Myanmar – Is Peace Only a Reverie?

Aung San Suu Kyi, a Nobel Laureate and Burma’s de facto leader, in 2015. Source: AFP/Getty Images

The case for peace in Myanmar (Burma) has been a tiring, relentless one. The biggest myth of all is that Burma was set to have a bright future during the dawn of its independence from the British, and Thant Myint-U, in “The Hidden History of Burma”, reminds us that the reality is far more complex and heavy. The colonial legacy within the state’s institutions and the impact on the plethora of ethnic groups across Burma’s peripheries would continue to haunt its present day problems that we keep seeing in the news today. The colonial era’s martial race policy would be at the forefront of these problems, among many other ingredients. Albeit the great academic legacy left behind by the colonial era, Thant argues, the weak state at the time General Aung San founded the nation would mean that whatever great was embedded within Burma was either purged or became stale over time during the years of poverty and “Burmese Way to Socialism”.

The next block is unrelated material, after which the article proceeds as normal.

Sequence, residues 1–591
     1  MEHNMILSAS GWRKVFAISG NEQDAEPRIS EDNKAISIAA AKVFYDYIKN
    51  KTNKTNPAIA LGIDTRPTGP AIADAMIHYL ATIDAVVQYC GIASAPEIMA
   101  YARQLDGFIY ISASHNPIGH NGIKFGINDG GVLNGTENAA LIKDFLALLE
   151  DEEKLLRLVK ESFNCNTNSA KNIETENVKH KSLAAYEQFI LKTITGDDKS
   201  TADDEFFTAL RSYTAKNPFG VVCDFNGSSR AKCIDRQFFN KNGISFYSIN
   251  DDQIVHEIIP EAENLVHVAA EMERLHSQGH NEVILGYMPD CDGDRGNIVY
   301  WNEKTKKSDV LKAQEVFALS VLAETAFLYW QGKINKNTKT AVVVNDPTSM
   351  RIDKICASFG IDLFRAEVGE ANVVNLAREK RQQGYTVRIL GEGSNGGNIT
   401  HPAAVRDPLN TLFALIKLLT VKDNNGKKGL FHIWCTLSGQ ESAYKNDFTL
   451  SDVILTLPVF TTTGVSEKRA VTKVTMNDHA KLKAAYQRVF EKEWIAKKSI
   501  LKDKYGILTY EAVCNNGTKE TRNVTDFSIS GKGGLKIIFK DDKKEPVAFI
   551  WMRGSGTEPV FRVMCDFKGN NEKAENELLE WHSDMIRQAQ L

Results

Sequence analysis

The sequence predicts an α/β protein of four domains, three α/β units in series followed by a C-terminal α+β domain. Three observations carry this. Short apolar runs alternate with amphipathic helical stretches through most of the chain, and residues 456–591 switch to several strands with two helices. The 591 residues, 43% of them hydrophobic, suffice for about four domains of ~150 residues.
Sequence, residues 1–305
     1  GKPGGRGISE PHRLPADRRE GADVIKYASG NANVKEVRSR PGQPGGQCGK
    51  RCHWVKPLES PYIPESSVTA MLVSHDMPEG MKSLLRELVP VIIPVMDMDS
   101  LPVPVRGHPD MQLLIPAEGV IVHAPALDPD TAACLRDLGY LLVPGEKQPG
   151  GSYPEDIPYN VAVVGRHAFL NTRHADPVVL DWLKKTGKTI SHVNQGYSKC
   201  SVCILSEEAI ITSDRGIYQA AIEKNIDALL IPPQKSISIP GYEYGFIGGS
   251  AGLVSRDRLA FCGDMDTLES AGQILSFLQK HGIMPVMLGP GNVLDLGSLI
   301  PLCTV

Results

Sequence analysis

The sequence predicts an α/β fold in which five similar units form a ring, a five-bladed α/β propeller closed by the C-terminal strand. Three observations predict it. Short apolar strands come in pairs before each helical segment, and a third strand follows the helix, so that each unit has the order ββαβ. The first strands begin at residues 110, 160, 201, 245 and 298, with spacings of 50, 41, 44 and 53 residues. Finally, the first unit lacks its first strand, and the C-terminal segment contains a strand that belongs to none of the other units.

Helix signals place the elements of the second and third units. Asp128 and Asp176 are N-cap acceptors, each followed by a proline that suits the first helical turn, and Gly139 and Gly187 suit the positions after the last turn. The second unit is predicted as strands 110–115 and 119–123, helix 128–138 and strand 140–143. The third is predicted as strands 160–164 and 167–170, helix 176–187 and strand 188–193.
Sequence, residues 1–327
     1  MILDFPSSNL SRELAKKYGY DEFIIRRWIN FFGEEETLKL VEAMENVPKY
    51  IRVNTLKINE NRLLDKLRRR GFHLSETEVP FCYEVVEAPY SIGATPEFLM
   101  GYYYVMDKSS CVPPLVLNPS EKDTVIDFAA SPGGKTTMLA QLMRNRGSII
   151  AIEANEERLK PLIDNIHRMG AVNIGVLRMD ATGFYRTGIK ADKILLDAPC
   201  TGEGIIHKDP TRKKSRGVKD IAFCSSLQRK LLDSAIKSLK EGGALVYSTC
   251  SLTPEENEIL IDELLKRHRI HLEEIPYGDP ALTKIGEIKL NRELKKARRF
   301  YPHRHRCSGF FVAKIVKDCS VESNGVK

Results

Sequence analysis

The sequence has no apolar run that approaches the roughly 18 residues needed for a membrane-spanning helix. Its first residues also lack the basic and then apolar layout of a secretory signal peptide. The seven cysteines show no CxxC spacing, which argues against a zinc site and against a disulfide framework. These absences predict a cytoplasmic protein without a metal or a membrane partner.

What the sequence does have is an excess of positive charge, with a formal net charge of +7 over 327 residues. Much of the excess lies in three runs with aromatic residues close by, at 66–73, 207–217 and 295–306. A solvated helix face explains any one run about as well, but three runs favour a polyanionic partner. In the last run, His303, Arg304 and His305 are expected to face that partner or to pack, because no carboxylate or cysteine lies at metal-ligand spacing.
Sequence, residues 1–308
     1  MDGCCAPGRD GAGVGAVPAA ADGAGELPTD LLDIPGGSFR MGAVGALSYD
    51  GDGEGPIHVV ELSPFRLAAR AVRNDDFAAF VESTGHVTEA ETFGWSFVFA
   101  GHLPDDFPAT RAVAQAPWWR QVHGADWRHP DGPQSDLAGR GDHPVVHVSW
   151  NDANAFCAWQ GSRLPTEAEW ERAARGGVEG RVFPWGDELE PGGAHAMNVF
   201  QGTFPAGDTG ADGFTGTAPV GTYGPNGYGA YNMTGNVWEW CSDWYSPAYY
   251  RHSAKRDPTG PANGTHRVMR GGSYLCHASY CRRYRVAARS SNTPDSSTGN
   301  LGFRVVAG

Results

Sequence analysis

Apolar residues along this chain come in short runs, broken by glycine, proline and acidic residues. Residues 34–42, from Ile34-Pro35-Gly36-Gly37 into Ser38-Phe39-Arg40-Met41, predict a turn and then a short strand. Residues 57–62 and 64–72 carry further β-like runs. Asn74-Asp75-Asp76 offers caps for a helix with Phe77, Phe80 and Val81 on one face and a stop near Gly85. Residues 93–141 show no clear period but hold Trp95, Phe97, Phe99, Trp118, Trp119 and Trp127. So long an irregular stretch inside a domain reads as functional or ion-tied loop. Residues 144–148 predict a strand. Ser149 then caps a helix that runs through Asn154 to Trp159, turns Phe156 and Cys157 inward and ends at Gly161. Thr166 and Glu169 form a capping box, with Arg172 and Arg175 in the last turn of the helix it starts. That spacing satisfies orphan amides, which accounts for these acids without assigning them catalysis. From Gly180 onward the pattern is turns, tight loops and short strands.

Towards the end of the 20th Century the ‘socialist’ part of the nation-state’s operational ideology would then peel away, and enter a form of free-market system, one that Thant best describes as ‘crony capitalism’. Yet Burma’s political reforms in the early 2010s imagine the alternative to be the implementation of neoliberal policies and a non-state intervening complete free-market system, to follow the steps of congested and inequality-ridden cities we so very often see across South East Asia today. The interconnectedness of the easily combustible issues surrounding race and inequality are left out of the picture – it seems like the state itself is not even cognizant of it. There is no room for the idea of how ethnicity could be fluid. State formation and attempts at conflict resolution are stuck in a vicious cycle of bureaucracy, electoral politics and red-tape, fueled by a strange concoction of neoconservatism and a fixed primordialist perception regarding race and ethnicity, amongst parties and actors of across the political spectrum.